|By Business Wire||
|January 18, 2013 02:11 PM EST||
Minnesota’s economy is regressing after pessimism about its business climate more than doubled from one year ago at this time, according to Twin Cities Business’s quarterly economic indicator survey completed by 571 businesses across the state in mid-December.
Results from the survey – which asks business leaders about their plans for the next three months – are used to tabulate the Minnesota Economic Outlook Index. For the first quarter of 2013, the index dropped to 49.9, down from 51.2 in the fourth quarter of 2012, 53.2 in the same period one year ago, and an average of 53 during all of 2012. An index above 50 indicates economic expansion; below signals contraction.
The current index reflects a slight scaling back of early 2013 budget plans by many business leaders, and may be temporary. The survey behind it was conducted before ‘fiscal cliff’ fears were at least temporarily alleviated, but after November’s re-election of President Barack Obama and closer to home, elections that led to a DFL-controlled legislature. Concerns about these developments, the prospect of increasing government regulations and taxes, and the overall dismal state of politics in general were voiced most frequently when business leaders shared their greatest challenge for this quarter.
The other most-common challenges had to do with growing revenues, managing growth and taking on increasing competition; and finding qualified talent while improving retention, focus and productivity among current employees.
Twin Cities Business’s February edition, on newsstands the last week of January, contains more details (an advance copy of the story is available online at http://bit.ly/106a3AQ). Among them: The percentage of respondents who expect business conditions in Minnesota to worsen by March 31 (25%) is more than twice what it was a year ago and is the highest it has been in four quarters, while the percentage of respondents expecting conditions to improve (30 percent) is the lowest during the same period. Hiring is also expected to slow this quarter, while expectations of increased capital expenditures, higher revenues, and better operating profit margins all dropped to their weakest levels in four quarters. (Tables showing how these findings compare with previous quarters are available at http://bit.ly/SeuM6s; for a look at how industries and counties compare, go to http://bit.ly/XklLpR).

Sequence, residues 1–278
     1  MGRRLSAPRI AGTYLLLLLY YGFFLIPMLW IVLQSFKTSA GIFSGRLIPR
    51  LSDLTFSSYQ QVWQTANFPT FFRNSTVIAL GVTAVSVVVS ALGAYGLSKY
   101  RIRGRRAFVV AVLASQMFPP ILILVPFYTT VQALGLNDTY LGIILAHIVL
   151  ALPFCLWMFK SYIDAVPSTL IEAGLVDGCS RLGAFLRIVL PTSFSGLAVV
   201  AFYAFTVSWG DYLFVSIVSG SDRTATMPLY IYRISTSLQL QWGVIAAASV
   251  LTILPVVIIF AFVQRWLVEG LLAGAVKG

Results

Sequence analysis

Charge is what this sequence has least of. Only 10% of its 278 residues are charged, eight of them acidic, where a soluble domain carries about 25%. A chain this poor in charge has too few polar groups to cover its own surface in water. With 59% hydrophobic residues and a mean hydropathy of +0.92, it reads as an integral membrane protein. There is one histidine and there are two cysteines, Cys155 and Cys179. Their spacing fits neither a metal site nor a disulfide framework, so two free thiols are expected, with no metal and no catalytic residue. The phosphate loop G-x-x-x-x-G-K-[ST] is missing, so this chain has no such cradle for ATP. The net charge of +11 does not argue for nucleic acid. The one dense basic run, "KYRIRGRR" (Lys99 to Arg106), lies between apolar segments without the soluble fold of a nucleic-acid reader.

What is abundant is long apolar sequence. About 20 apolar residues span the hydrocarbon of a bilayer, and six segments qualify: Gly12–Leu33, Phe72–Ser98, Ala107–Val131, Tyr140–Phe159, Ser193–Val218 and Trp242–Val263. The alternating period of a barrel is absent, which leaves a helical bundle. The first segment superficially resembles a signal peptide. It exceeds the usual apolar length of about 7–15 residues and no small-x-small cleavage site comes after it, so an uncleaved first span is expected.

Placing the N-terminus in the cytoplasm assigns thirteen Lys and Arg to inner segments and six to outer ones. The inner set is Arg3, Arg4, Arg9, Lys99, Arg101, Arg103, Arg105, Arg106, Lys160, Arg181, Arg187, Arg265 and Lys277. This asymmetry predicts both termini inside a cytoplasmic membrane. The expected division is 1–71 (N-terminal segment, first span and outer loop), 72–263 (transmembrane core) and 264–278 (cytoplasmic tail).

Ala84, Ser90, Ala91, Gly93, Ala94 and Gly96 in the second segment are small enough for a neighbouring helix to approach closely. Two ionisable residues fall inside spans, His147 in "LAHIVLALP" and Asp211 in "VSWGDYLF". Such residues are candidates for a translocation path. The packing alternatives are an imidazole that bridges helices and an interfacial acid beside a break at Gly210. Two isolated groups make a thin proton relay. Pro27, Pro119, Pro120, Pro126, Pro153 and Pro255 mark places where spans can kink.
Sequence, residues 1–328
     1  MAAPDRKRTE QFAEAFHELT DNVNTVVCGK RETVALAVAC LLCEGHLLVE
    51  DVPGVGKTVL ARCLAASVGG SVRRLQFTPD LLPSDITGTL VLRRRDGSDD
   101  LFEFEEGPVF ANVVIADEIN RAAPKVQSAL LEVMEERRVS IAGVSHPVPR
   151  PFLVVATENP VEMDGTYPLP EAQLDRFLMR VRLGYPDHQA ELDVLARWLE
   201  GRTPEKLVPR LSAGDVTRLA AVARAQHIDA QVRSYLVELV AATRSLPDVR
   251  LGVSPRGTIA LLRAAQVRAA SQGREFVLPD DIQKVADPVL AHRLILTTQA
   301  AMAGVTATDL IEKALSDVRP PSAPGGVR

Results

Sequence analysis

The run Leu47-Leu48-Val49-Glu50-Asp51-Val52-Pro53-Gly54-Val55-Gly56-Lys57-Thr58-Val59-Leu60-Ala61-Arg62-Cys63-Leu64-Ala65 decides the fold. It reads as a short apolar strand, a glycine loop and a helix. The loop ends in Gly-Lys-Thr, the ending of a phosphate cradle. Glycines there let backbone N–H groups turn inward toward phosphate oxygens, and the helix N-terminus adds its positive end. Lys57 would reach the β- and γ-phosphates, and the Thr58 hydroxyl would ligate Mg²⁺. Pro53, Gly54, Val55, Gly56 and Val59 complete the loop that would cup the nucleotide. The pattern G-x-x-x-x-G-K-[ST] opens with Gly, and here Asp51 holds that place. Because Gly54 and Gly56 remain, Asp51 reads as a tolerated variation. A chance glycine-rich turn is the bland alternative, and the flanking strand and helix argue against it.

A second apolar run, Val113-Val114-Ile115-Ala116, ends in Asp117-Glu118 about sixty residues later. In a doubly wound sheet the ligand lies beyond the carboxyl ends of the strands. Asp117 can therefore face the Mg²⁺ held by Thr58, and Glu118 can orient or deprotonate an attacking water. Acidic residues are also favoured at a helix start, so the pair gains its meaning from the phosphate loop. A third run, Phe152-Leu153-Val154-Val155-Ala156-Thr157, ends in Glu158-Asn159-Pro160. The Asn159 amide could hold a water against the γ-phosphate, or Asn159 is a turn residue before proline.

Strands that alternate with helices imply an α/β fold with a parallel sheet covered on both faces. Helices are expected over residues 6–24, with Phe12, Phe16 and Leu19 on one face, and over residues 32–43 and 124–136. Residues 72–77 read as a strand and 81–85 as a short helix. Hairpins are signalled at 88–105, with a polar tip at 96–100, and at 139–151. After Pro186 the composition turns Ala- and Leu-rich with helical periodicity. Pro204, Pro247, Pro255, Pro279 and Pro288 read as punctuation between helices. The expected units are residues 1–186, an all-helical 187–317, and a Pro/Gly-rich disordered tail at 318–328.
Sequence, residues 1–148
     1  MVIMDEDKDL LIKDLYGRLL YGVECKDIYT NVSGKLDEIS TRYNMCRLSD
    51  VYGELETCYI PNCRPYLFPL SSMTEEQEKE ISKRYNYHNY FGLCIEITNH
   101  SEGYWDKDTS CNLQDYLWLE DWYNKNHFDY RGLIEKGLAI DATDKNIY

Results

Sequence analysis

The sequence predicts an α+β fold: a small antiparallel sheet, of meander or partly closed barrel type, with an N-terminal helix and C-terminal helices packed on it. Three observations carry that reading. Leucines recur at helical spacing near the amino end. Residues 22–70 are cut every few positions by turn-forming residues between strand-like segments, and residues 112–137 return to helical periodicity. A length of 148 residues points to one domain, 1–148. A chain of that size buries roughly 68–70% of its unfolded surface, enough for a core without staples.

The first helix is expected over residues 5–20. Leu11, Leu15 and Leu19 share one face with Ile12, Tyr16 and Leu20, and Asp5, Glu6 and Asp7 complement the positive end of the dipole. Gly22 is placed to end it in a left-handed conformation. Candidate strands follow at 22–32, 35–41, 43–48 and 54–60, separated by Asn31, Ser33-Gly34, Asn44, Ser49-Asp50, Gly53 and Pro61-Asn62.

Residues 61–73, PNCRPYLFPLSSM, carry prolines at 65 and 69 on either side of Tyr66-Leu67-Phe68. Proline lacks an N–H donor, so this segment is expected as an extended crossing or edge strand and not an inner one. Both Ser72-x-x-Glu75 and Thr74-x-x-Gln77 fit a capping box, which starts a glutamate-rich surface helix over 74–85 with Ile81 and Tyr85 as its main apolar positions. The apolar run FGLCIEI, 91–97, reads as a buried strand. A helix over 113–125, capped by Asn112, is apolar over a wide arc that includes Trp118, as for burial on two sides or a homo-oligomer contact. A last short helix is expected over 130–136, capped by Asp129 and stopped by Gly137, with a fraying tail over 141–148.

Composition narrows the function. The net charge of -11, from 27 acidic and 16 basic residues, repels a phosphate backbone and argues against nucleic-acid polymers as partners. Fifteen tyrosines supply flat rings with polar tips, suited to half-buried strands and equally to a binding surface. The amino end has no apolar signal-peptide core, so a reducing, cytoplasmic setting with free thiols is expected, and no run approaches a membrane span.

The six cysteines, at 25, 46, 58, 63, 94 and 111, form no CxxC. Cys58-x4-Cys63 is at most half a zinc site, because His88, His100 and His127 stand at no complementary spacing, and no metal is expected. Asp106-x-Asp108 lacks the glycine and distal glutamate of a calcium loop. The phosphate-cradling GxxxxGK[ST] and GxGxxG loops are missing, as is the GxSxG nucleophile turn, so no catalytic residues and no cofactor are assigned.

Twin Cities Business’s Minnesota Economic Outlook Index is the only leading indicator of what business leaders across the state are planning for the immediate quarter. The current index is a result of a survey asking 11 questions of 15,750 Minnesota business leaders. The Minnesota Chamber of Commerce provided some of the e-mail addresses used in this outreach. A total of 571 businesses responded.
About Twin Cities Business
Minneapolis-based Twin Cities Business publishes news, analysis, features, and commentary about the state’s most interesting business issues, leaders, and opportunities daily at TCBmag.com, twice weekly in its “Briefcase” e-newsletter, and monthly through the award-winning Twin Cities Business magazine.
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